Vitamin K2’s unique, significant health benefits, separate from vitamin K1, highlighted in new review paper. Is this the first step toward a vitamin K2 RDI?


This new review paper is a component of a campaign to raise awareness of the unique health impacts of vitamin K2 and thus the need for an RDI specifically for vitamin K2.

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Vitamin K is a key nutrient and one that can be present in various forms, or isoforms-namely, vitamin K1 (phylloquinone) and vitamin K2 (menaquinone). These different forms of vitamin K have different structures and therefore different absorption rates, tissue distribution, bioavailability, and health effects in the body.

Historically, much attention has been paid to vitamin K1’s key role in blood clotting. For instance, the adequate intake (AI) level for vitamin K set in the U.S. is based on vitamin K1’s coagulation activity and is set at 120 mcg for male adults and 90 mcg for female adults. However, while much of vitamin K1’s effects are limited to the liver, vitamin K2’s health benefits are extrahepatic (extending beyond the liver), with recent science showing that vitamin K2 plays an important role related to such concerns as cardiovascular health, bone development and fractures, chronic kidney disease, and some cancers, with additional science exploring its impact on liver disease, immune function, neurological disease, and obesity. A new review paper1 published in the International Journal of Molecular Sciences highlights the differences between vitamin K1 and K2 and highlights the unique health benefits of vitamin K2 specifically.

The authors explain that: “Vitamin K1 is preferentially retained in the liver to assist carboxylation of clotting factors. In contrast, vitamin K2, particularly long-chain derivatives, are redistributed to the circulation and are available for extrahepatic tissues such as bone and vasculature.” As a result, they discuss in detail, there is a growing body of evidence to suggest that vitamin K2 is involved in multiple cellular processes and that it may play a beneficial role in the health areas outlined above.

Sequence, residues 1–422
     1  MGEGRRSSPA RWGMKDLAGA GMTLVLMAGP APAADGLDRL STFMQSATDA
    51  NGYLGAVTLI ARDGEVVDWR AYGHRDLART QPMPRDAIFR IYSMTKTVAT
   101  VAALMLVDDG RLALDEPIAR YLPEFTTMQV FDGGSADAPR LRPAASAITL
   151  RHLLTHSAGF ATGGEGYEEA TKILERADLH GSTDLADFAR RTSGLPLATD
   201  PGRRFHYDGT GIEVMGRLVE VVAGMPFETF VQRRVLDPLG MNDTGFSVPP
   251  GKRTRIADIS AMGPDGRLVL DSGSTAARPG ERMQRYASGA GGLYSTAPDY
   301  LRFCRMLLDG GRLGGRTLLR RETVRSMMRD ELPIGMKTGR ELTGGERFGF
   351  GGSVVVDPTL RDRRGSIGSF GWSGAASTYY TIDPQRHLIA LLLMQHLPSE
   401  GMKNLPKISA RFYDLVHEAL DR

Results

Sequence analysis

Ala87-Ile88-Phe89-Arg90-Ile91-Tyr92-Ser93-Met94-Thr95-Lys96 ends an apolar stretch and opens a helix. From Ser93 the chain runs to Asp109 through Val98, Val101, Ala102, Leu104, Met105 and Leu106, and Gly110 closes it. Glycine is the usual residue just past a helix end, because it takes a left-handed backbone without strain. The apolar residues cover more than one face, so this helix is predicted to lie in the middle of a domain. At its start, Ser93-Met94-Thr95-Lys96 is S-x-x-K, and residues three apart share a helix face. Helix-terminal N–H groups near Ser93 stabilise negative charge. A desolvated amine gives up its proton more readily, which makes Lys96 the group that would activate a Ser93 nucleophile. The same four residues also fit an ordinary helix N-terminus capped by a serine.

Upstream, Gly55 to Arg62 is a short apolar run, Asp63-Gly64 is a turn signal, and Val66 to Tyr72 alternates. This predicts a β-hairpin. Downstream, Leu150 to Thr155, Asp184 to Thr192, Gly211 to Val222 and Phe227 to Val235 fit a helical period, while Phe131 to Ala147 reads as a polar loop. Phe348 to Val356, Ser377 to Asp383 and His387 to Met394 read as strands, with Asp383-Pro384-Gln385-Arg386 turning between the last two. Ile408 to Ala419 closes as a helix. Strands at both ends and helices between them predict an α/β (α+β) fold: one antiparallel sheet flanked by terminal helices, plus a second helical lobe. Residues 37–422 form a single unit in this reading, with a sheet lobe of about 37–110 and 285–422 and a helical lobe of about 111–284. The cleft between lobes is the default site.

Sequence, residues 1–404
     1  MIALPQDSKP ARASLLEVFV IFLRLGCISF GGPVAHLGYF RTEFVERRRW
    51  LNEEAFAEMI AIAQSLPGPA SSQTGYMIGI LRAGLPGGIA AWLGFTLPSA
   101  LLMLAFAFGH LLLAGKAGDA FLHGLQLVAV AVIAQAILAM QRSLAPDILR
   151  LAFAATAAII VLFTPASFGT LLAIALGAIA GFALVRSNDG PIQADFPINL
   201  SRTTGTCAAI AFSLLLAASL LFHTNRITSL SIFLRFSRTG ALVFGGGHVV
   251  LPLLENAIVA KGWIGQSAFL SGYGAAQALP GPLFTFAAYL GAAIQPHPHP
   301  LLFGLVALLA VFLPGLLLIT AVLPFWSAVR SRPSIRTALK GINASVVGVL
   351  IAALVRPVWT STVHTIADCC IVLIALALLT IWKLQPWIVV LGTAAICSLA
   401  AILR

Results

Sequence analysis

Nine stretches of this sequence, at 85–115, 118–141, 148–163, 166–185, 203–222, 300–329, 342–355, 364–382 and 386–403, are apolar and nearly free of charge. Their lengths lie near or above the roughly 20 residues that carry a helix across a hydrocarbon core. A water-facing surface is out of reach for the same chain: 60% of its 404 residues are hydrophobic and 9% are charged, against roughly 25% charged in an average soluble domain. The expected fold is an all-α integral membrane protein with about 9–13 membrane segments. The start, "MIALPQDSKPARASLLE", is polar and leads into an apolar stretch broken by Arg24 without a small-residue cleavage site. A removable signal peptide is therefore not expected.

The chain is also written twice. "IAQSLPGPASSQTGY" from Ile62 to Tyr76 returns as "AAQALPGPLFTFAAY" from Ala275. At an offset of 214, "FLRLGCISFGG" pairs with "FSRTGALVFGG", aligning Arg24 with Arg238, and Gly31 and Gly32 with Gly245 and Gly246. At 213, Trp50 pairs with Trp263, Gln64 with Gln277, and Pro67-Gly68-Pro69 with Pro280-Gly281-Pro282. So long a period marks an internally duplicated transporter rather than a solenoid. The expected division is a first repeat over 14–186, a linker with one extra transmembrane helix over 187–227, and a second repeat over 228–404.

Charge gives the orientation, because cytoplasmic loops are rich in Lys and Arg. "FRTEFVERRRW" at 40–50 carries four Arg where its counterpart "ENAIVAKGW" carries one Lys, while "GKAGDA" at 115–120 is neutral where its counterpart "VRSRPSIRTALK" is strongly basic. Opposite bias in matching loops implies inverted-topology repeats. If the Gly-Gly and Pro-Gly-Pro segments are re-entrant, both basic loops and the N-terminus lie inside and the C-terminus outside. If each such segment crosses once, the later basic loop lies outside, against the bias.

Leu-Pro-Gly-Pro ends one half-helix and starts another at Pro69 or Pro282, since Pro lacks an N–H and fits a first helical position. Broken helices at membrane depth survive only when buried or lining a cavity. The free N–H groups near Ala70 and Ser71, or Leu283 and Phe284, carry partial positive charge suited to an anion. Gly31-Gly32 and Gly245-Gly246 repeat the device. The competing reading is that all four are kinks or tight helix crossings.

According to the authors: “This review is the first to highlight differences between isoforms vitamin K1 and K2 by means of source, function, and extrahepatic activity.”

This review paper is the product of European Commission grants given to the NattoPharma International Research Network, a research initiative created by vitamin K2 supplier NattoPharma (Oslo, Norway; Edison, NJ) and involving academic researchers from Maastricht University in The Netherlands.

NattoPharma has previously stated a mission to see a recommended dietary intake (RDI) value ultimately established for vitamin K2. NattoPharma’s director of communications, Kate Quackenbush, explains how this new review paper is a component of a campaign to raise awareness of the unique health impacts of vitamin K2 and thus the need for an RDI specifically for vitamin K2. She also notes that the pursuit of a vitamin K2 RDI will be a slow process that “won’t happen overnight.”

“This is really one of the first comprehensive reviews of the evidence highlighting the differences between K1 and K2 that have been established” and that reflects the latest science on K2, she says. In order to convey to consumers that an inadequate level of vitamin K2 and related health consequences is a public health concern, “you need to build this body of evidence that shows that there is an absolute need for this because public health is at risk.”

Quackenbush says a second paper will soon be published from the NattoPharma International Research Network focusing specifically on the need for a vitamin K2-specific RDI value.


  1. Halder M et al. “Vitamin K: double bonds beyond coagulation insights into differences between vitamin K1 and K2 in health and disease.” International Journal of Molecular Sciences. Published online February 19, 2019.
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